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Humanitarianism Can Become Universal

We met in a suburban Chinese restaurant at 7 pm November 8, 2012.  We were experiencing questionable weather from the system that landed snow in New Jersey and points north.  Nevertheless, a group of women arrived.  They were enthusiastic about the outcome of the election results of two days ago and expressed that they were eager to go through the entire booklet on Helping Out:  Humanitarian Policy for Global Security.

The Chinese restaurant where we met was in Maryland near Washington DC and was filled with families having dinner.  We were seated at a round table with a center lazy susan that was ideal for sharing entrees and having a communal experience.

After a time to review the report, the first comment was “We spend time helping everyone and we cannot afford to help ourselves.  Helping is not equal.  Self-interests are the driving influences.”  Well, that just about said it all because it opened up feelings and observations that colored the perspectives that are offered in the report.  Another participant commented that we have suffered Katrina and now the northeast disasters and have not been rescued by any foreign entity.  Someone else asked if we have looked at the possibility that other countries are binding together against us and preparing themselves without us in mind.  They mentioned that Japan had already all manner of plans in place for their own protection, but succumb to a level of disaster that they did not plan for.  But in all of their planning, there was no plan for America.  Now we are receiving all of their furniture and homes to our west coast.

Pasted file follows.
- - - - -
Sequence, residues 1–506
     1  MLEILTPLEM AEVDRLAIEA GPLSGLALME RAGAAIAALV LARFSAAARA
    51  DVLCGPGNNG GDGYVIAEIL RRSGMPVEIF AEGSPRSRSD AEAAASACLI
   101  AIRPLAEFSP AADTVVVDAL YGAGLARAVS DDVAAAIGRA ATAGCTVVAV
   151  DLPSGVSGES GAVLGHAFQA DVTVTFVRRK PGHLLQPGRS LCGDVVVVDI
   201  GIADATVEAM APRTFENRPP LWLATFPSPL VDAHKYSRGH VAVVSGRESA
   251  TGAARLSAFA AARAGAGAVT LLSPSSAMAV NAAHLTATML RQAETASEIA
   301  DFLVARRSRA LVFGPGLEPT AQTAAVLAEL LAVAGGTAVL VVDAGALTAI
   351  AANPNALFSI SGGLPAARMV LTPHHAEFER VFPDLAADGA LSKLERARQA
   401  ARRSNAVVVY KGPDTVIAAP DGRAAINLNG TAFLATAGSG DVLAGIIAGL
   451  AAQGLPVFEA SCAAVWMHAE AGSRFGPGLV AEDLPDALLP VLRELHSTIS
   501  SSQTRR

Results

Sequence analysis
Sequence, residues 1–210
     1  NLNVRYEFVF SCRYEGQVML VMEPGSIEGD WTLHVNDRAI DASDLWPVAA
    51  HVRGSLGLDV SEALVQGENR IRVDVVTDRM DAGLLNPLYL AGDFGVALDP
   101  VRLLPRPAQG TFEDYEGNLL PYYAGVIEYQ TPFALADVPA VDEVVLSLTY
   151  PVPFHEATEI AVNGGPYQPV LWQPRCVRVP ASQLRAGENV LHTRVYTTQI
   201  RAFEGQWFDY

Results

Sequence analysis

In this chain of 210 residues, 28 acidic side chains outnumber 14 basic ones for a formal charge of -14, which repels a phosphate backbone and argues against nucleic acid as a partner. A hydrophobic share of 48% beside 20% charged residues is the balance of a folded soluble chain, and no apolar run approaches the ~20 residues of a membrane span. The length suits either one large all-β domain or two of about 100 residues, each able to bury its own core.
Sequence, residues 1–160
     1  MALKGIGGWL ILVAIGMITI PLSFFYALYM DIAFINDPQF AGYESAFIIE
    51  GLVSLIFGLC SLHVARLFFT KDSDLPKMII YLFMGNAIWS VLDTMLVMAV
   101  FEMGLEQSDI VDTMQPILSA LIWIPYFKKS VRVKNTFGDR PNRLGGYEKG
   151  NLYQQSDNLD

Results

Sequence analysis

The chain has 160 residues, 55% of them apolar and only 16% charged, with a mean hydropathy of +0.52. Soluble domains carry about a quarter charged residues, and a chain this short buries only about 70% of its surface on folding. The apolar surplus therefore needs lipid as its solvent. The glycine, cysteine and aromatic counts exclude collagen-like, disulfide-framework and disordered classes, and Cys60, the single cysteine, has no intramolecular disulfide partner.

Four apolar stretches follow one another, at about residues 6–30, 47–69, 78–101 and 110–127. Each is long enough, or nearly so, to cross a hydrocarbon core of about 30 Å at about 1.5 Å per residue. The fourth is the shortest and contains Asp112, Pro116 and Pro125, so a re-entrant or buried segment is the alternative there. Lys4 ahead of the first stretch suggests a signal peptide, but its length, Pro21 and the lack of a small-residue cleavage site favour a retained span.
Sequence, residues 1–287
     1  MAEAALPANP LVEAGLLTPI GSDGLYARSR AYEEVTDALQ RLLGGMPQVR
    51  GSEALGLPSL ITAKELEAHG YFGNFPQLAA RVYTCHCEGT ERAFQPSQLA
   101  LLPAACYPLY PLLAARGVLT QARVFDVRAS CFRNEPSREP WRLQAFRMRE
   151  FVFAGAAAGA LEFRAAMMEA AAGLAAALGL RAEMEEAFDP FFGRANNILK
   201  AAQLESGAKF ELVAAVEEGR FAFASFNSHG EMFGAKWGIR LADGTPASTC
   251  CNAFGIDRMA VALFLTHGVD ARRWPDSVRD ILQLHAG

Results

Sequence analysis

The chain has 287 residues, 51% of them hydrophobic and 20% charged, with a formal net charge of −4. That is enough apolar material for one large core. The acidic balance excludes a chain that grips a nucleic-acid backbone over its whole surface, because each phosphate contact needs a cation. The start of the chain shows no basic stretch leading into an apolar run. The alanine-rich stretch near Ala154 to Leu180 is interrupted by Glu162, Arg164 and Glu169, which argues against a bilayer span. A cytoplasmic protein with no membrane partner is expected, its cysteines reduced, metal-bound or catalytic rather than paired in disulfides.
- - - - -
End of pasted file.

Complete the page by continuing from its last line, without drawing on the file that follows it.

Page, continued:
There was strong agreement that our interventions in disasters is less humanitarian driven and more politically driven.  Help comes to those who can offer something of value to America.  Consider Katrina where poor people with nothing to offer were neglected.  Globally, the trend is the same.  Myanmar in Asia was of great interest to America when a tsunami hit them, although American help was refused.

A universal suggestion emerged among the participants that really made sense.  The idea is to select and train an international team of first responders in America that are composed of people with different language skills who would study phased rescue and supply plans and be available to implement them in the case of lack of electricity, lack of gasoline, lack of food, lack of water.  These responders would travel all over the world assisting citizens in how to prepare for disasters.  They would lead a campaign to get every American household prepared for disaster by creating safe housed, bunkers, emergency kits and family meeting places.  As we are seeing in our newest disasters in America, there is seldom time to save your life much less to begin planning once a disaster occurs.  In fact, every country should be required by the United Nations to prepare its people and to submit those plans with points of contact to each other so that humanitarianism can become universal.

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